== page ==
Cracking down on military abuses | Inquirer Opinion

Cracking down on military abuses

/ 05:07 AM September 16, 2022

On the suspicion that the military had abducted activists Elizabeth “Loi” Magbanua and Alipio “Ador” Juat who have gone missing since May 3, the Supreme Court recently issued a writ of amparo or protection order on the two labor organizers.

The writ of amparo is a remedy available to any person whose right to life, liberty, and security has been violated or threatened. Like a writ of habeas data, it has a preventive and curative role in curbing extrajudicial killings and enforced disappearances.


Following the issuance of the writ, the Court of Appeals last week ordered senior officials of the Department of National Defense (DND) and the Armed Forces of the Philippines to conduct a “comprehensive and exhaustive” investigation into Magbanua and Juat’s disappearance. The court gave the respondents—AFP chief of staff Lt. Gen. Bartolome Vicente Bacarro and other senior military officers, and retired Gen. Ricardo F. De Leon, DND officer in charge—six months to submit a written report explaining the results of their action. The military has been mum on the issue so far.

After their arrest in Valenzuela City, Juat was able to tell his daughter that he was in Camp Aguinaldo but is not allowed to leave. They have not been heard of since.


A January 2022 Human Rights Watch report noted that “the Philippine military has long been responsible for large numbers of extrajudicial killings and torture of alleged communists,” with Red-tagging becoming unofficial government policy with the creation of the hugely funded National Task Force to End Local Communist Armed Conflict formerly led by a retired army general. Dozens of activists previously Red-tagged or described by the task force as members or supporters of armed communist rebels have been arrested, detained, or killed in alleged shootouts with authorities.

The Red-tagging often comes with nonbailable serious charges, as in the case of 81-year-old Atheliana “Atel” Hijos, chair of the women’s group Gabriela in the Caraga region. Hijos was arrested on Aug. 30 in Agusan del Norte province for her supposed involvement in the kidnapping and serious illegal detention of a member of a paramilitary group in 2018, and for allegedly being a ranking member of the communist movement. The rights group Karapatan has described the charges as “a blatant lie” given Hijos’ advanced age and frail health. The military has refused to disclose where the activist was being held, despite its official statement that her family was free to visit her.

The same charges were filed against Dr. Natividad Castro, a regional leader of Karapatan, who was immediately flown to Mindanao after being arrested by the police in February this year. Castro, who served “lumad” (indigenous) communities in Mindanao, was accused of being involved in the “felonious kidnapping” of a member of a government-armed militia in 2018. The kidnapping charges were junked by a regional trial court (RTC) in Bayugan City, Agusan del Sur, which ruled that the manner of her arrest was “offensive to due process.” On June 16, however, RTC Judge Ferdinand Villanueva ordered the rearrest of Castro, whom the military tagged as a high-ranking communist guerrilla, again without proof.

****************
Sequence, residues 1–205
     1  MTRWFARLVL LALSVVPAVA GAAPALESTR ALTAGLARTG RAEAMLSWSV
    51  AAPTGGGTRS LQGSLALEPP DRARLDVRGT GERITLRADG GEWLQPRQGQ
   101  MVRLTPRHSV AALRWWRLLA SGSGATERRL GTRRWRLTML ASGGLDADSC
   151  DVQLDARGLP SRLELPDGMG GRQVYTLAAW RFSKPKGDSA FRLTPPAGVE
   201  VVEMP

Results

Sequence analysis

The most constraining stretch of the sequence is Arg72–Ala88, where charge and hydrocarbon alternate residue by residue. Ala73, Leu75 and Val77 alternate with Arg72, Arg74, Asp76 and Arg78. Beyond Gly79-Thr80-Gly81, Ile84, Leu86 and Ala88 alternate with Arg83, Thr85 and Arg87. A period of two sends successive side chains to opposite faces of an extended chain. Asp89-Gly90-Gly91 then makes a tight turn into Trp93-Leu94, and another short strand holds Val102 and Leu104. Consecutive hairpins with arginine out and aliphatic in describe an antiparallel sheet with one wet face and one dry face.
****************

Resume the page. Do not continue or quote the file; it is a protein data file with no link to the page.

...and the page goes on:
The climate of impunity that enables the military to falsely Red-tag and arrest activists and opposition figures —often with defective warrants and on trumped-up charges—recalls the dreaded era of retired Army general Jovito Palparan Jr. Also known as “The Butcher,” Palparan’s rabid anticommunist crusade led to gross human rights violations, including the kidnapping, serious illegal detention, and enforced disappearance of students Sherlyn Cadapan and Karen Empeño in 2006. An eyewitness and fellow detainee detailed how Palparan and his soldiers viciously tortured the two women to get them to admit to being communists. Indicted in 2011, Palparan went into hiding for almost three years but was finally arrested, tried, and sentenced to life imprisonment without possibility of parole in 2018.

While the Supreme Court and the Court of Appeals have upheld the rights of those unfairly targeted by the military’s anticommunist campaign in recent cases, the country’s judicial system must also put in place strong mechanisms to avoid abuses in the issuance of warrants, and severely sanction judges involved in such unscrupulous practice that puts life and liberty at risk. The courts should chastise the military as well for its lack of response on the case of the two missing labor leaders. Reporting on their arrest shouldn’t take six months after all, during which period anything can happen, given the military’s undeniable record on the torture and forced disappearance of detainees.

Finance Secretary Benjamin Diokno’s recent description of the new administration’s “agenda on transparency and accountability” should be given flesh. And what better way to do that than by cracking down on continuing military abuses?

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TAGS: activists, human rights, military abuses
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